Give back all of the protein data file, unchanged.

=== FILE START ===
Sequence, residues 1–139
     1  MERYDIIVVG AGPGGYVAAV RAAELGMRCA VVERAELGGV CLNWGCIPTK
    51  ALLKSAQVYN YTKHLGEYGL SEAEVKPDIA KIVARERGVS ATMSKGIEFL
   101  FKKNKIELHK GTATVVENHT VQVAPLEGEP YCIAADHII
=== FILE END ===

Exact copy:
Sequence, residues 1–139
     1  MERYDIIVVG AGPGGYVAAV RAAELGMRCA VVERAELGGV CLNWGCIPTK
    51  ALLKSAQVYN YTKHLGEYGL SEAEVKPDIA KIVARERGVS ATMSKGIEFL
   101  FKKNKIELHK GTATVVENHT VQVAPLEGEP YCIAADHII